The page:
Aug 3, 2006 (CIDRAP News) – Concern about H5N1 avian influenza intensified in Thailand and Vietnam today as health officials reported more suspected human cases, but Indonesian officials said six people in two suspected case clusters in North Sumatra tested negative.
In Thailand, a 9-year-old girl from Lop Buri province died yesterday of suspected avian flu, the Bangkok Post reported. She is from the same province where a suspected case was reported in a 61-year-old woman yesterday.
A provincial health official, Pranor Khamthieng, told the Post the girl had initially tested negative for the H5N1 virus, but her symptoms suggested the disease. The Thai News Agency reported that the girl suffered fever, sore throat, and severe cough for 2 days before she was hospitalized with breathing difficulties. Samples were sent to a lab in Bangkok for a more thorough investigation, the Post reported.
The Thai News Agency said the girl’s family raises about 20 fighting cocks, but provincial authorities inspected her house and nearby areas and found that none had died suspiciously.
Elsewhere in Thailand, the Post reported today that two patients in Chachoengsao province, east of Bangkok, have been isolated at Ban Pho Hospital because of suspected avian flu. Doctors at the hospital told the Post that initial tests indicated the patients had regular influenza and that they were awaiting the results of avian flu tests.
One doctor said the patients, a 17-year-old boy and a 42-year-old woman, had touched ducks at a slaughterhouse where they both worked. A local livestock official, however, said no bird flu outbreaks had been reported on chicken farms in the province, according to the Post.
As of yesterday, the Thai Health Ministry reported that 164 patients from 21 provinces were under surveillance for possible avian flu.
Thailand’s only confirmed avian flu case so far this year was in a 17-year-old boy who died of the disease Jul 24 in Phichit province. The entire country is on bird flu alert after outbreaks surfaced in July in the northern and central provinces, ending a nearly 8-month hiatus.
In Vietnam—which hasn't had a confirmed human H5N1 case since November 2005—Bloomberg News reported today that health authorities are awaiting tests on a man from the southern province of Kien Giang, on the Cambodian border in the Mekong Delta. The report said the man was hospitalized with lung damage and a high fever about a week after eating duck.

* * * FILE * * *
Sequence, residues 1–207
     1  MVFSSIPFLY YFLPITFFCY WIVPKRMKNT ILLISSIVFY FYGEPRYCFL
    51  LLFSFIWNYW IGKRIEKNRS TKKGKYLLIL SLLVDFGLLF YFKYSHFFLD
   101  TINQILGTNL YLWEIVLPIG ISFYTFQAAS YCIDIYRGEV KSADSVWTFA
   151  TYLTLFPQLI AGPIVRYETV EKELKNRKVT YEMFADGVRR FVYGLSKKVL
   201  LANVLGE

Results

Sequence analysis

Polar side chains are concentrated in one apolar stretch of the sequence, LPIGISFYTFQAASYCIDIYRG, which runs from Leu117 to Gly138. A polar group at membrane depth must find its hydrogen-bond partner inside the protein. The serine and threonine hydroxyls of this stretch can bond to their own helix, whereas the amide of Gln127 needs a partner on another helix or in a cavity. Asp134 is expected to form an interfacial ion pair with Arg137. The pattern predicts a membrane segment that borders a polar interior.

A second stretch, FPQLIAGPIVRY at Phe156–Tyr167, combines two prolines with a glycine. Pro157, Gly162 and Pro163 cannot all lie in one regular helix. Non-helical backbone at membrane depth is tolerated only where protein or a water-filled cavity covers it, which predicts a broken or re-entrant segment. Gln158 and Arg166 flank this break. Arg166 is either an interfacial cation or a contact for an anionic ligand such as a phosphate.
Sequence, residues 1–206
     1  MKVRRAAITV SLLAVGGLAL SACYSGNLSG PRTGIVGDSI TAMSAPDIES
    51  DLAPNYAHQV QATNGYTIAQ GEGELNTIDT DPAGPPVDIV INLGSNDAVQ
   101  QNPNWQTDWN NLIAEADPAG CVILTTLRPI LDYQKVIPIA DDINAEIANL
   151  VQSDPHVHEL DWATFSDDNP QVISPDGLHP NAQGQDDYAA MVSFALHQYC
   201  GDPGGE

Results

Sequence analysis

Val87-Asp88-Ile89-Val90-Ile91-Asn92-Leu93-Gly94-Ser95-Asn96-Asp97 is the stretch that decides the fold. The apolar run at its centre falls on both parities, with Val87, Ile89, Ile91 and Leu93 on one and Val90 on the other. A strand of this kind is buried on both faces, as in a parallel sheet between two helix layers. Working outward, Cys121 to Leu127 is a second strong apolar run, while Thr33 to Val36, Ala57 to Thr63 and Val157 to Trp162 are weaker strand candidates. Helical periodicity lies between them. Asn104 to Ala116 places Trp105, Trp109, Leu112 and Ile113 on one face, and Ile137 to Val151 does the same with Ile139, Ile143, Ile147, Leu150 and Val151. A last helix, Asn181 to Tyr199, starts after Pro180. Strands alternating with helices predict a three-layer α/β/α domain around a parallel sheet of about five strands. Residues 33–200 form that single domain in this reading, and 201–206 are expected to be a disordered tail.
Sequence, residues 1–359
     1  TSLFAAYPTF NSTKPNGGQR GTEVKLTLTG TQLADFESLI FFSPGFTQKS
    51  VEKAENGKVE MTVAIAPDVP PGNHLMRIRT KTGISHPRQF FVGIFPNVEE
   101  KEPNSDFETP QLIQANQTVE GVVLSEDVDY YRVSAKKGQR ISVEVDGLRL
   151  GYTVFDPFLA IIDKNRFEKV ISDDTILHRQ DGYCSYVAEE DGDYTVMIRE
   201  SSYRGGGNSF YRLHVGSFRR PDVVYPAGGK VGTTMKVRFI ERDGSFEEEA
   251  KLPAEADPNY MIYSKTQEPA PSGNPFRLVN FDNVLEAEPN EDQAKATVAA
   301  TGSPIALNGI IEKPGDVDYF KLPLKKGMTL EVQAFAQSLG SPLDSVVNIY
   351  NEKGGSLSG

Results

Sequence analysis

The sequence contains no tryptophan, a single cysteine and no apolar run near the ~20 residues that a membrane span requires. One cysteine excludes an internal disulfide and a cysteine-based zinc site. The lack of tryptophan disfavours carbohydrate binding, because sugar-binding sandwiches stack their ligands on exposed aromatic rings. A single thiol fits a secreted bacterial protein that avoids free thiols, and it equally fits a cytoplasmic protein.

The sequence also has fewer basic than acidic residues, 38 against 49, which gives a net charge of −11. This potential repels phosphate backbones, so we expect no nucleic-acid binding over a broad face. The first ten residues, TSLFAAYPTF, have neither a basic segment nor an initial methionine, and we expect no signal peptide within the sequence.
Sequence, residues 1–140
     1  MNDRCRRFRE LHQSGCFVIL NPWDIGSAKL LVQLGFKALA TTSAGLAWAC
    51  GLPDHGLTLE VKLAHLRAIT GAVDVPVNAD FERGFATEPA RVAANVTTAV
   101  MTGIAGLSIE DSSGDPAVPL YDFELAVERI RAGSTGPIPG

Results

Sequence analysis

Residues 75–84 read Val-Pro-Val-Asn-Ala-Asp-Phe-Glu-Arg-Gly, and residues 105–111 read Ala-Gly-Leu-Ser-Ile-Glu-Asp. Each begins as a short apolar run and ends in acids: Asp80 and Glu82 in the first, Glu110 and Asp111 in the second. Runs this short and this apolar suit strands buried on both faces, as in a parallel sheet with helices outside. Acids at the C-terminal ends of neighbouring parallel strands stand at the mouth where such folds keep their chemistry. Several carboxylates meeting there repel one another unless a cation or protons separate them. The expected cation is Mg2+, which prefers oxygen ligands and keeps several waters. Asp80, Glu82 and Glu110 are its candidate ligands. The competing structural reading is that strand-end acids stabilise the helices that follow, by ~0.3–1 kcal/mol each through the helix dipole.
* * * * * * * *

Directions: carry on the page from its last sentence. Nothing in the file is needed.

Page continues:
Cao Bao Van, head of the molecular biology laboratory at the Pasteur Institute in Ho Chi Minh City, told Bloomberg that test results may be reported over the weekend.
Vietnamese news media have reported that ducks from two households in the southern province of Tay Ninh recently died suspiciously and test results were pending. Tay Ninh is also on the Cambodian border.
Meanwhile, in Indonesia, preliminary tests came back negative for H5N1 in six patients from the same district in Sumatra where the world’s first lab-confirmed human-to-human transmission of avian flu occurred in a family cluster, Agence France-Presse (AFP) reported today.
The suspected illnesses in the six patients had raised fears of more human-to-human transmission, because the group appeared to include two family clusters. Of the six patients, three were children: two siblings, aged 10 and 6, and an 18-month-old neighbor.
An Associated Press report yesterday had said there were a total of seven patients in the two possible clusters. But AFP reported today that a local hospital official in Kabanjahe village said it appeared that one patient had been counted twice.